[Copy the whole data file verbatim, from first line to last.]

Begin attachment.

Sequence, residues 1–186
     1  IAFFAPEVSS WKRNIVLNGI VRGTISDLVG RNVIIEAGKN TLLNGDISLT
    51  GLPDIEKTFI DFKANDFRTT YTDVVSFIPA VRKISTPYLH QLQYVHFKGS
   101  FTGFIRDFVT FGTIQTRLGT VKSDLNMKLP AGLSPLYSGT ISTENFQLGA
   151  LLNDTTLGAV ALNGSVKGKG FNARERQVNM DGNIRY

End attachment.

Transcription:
Sequence, residues 1–186
     1  IAFFAPEVSS WKRNIVLNGI VRGTISDLVG RNVIIEAGKN TLLNGDISLT
    51  GLPDIEKTFI DFKANDFRTT YTDVVSFIPA VRKISTPYLH QLQYVHFKGS
   101  FTGFIRDFVT FGTIQTRLGT VKSDLNMKLP AGLSPLYSGT ISTENFQLGA
   151  LLNDTTLGAV ALNGSVKGKG FNARERQVNM DGNIRY